16 October 2009

Literary Landmarks of the Southern United States, #3 Tuskegee, Alabama

Booker T. Washington, the founder of Tuskegee Institute, later university, lifts the veil from a slave's head.

In Ralph Ellison's Invisible Man (1952), the narrator states:

'[I]n my mind's eye I see the bronze statue of the college Founder, the cold father symbol, his hands outstretched in the breathtaking gesture of lifting a veil that flutters in hard, metallic folds above the face of a kneeling slave; and I am standing puzzled, unable to decide whether the veil is really being lifted, or lowered more firmly in place; whether I am witnessing a revelation or a more efficient blinding.'

The plaque below is not in Tuskeegee but in Piedmont Park, Atlanta, Georgia, and reads:

'Booker T. Washington 1856–1915. Former slave, Principal of Tuskeegee Institute, and author of Up from Slavery, Washington delivered the Atlanta Exposition Address on Sept. 18, 1895, at this site, the former auditorium of the Cotton States and International Exposition. Washington delivered this address at the Exposition's Inauguration before a segregated audience, and in an unprecedented departure from regional custom, he shared the platform with John Collier, President of the Exposition. In 1894 Washington had joined Collier and other supporters of the Exposition in an appearance before the house Committee on Appropriations. Together they secured a $200,000 appropriation from Congress. In addition to serving as a lobbyist for the Exposition, Washington was also an Exposition commissioner and supervised the construction of the Negro Building, the Expositon's site for African American exhibitions formerly located near the 10th Street entrance to Piedmont Park. An alumnus of Hampton Institute and President of the National Negro Business League, Washington became a national leader because of the interracial compromise he proposed in the Atlanta Exposition address.'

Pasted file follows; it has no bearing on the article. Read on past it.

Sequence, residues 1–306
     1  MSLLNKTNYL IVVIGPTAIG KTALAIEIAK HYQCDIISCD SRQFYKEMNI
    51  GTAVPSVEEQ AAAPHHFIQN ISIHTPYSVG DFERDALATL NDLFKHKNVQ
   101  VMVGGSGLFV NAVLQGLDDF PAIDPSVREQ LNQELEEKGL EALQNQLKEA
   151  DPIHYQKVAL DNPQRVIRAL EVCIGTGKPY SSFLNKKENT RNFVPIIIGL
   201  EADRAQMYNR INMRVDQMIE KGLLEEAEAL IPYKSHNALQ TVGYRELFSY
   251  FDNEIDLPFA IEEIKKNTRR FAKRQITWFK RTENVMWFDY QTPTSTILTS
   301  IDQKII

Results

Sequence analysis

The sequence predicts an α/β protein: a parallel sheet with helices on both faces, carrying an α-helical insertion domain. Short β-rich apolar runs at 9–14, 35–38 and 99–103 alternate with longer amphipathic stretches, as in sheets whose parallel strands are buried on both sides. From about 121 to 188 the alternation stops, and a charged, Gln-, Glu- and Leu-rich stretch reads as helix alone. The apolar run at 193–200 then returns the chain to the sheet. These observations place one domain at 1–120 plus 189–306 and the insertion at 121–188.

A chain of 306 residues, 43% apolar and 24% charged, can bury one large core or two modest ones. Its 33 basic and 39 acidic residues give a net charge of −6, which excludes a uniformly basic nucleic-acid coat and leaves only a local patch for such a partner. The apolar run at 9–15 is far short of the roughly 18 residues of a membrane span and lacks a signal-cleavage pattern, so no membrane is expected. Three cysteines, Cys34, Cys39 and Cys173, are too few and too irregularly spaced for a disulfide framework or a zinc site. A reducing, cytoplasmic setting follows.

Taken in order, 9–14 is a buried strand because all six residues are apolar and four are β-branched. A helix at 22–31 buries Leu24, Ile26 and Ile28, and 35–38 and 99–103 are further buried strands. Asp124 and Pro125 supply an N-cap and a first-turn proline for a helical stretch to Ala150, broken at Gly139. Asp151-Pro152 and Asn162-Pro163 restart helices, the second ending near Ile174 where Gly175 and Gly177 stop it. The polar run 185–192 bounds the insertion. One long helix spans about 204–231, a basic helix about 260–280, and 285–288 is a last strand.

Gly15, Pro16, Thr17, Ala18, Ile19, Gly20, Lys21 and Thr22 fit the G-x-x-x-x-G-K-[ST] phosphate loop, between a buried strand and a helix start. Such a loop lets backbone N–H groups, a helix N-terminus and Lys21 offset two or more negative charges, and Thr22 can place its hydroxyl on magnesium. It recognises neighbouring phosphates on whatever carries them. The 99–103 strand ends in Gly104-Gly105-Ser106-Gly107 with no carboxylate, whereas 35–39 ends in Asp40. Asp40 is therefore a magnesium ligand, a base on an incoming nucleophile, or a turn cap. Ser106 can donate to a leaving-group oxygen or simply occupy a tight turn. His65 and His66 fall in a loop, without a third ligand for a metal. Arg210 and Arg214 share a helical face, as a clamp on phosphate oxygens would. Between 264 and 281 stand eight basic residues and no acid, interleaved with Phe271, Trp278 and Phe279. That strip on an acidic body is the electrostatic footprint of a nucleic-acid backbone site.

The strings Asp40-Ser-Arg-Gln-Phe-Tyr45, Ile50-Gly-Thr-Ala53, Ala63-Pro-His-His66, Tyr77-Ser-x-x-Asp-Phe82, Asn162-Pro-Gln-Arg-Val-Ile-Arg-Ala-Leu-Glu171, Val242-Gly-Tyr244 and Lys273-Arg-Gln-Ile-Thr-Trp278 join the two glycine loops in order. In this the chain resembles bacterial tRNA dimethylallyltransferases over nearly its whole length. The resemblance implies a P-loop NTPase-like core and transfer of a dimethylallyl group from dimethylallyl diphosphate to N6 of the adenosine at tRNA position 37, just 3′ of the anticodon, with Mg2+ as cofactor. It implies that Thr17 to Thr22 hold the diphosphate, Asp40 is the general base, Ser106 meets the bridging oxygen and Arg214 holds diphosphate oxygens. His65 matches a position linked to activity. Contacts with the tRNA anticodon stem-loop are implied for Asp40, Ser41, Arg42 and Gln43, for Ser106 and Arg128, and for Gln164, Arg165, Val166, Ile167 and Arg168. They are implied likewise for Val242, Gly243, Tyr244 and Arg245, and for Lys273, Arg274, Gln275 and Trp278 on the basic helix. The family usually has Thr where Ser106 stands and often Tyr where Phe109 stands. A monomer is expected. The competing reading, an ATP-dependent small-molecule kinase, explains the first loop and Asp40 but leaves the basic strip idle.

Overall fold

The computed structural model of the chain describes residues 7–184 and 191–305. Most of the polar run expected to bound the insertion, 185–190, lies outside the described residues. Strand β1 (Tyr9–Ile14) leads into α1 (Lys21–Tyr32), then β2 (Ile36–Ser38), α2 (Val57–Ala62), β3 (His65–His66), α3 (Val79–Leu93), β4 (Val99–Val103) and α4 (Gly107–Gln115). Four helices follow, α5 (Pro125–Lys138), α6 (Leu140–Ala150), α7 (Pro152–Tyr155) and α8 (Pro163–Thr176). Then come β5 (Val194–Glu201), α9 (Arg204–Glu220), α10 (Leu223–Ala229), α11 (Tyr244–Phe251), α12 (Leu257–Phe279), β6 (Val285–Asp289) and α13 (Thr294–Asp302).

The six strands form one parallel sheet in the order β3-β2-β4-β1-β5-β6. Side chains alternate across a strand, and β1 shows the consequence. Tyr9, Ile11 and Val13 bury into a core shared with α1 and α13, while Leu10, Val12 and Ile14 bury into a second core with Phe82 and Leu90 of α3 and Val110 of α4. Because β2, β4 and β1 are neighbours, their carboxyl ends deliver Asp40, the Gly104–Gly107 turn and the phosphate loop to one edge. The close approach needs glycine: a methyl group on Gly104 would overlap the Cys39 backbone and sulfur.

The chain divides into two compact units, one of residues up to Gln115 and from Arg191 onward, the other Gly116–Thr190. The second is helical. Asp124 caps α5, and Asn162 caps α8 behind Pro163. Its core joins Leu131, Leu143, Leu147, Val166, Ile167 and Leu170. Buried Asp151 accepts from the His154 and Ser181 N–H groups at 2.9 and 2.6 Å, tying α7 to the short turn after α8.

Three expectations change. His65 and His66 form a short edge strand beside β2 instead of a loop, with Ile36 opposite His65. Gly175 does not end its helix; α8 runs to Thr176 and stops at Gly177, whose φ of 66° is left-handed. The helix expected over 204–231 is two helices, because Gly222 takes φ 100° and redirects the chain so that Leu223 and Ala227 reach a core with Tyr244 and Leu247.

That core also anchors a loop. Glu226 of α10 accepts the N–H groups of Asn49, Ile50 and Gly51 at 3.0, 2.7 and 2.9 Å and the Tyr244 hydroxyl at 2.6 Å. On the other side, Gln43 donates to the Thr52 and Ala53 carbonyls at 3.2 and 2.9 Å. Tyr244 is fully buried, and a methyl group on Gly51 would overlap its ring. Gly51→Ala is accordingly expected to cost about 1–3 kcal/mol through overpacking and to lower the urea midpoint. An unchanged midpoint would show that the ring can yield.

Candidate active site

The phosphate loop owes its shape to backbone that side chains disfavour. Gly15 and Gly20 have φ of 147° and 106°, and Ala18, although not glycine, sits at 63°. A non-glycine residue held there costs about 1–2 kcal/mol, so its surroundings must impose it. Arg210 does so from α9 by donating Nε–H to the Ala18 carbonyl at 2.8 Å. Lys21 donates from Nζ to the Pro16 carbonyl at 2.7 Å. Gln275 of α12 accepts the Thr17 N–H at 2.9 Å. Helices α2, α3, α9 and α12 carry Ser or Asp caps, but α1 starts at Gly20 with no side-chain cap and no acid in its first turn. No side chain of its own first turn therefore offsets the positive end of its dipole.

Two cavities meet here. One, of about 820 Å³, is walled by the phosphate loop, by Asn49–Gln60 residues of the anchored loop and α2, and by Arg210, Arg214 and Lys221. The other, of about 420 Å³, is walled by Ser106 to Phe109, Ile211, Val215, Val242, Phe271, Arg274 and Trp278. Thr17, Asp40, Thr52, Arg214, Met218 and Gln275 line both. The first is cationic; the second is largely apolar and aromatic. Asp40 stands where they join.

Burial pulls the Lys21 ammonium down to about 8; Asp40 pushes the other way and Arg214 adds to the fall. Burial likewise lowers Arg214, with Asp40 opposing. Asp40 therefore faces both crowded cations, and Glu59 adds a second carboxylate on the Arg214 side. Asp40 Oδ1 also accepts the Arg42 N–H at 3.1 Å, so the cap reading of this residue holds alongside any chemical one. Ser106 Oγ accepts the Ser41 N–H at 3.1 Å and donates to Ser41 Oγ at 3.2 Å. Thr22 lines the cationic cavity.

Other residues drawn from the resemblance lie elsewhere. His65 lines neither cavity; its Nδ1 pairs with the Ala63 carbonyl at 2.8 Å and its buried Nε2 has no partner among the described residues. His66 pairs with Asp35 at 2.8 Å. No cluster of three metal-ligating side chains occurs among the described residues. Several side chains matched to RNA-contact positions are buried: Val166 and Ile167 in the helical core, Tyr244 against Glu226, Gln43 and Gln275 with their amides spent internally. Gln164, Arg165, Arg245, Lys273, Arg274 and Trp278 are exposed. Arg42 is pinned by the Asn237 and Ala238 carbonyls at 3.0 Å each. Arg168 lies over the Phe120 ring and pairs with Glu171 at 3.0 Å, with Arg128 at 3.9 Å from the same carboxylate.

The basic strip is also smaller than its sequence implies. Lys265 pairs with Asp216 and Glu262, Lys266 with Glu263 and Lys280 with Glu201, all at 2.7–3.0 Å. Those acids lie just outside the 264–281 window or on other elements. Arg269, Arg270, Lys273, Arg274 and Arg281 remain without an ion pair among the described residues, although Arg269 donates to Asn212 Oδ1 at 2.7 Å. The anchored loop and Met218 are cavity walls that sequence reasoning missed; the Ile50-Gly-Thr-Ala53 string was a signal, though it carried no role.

Washington later lived at The Oaks, a house on the campus built in 1899 from bricks made at the Institute and designed by Robert R. Taylor. He lived there with his third wife, Margaret Murray Washington, until his death in 1915. Margaret continued to live there until her death in 1925.

Ralph Ellison, the author of Invisible Man (1952), began his studies here and to make ends meet worked in the bakery at Tomkins Hall.

Ellison met the writer Albert Murray while working at the Hollis Burke Frissell Library.

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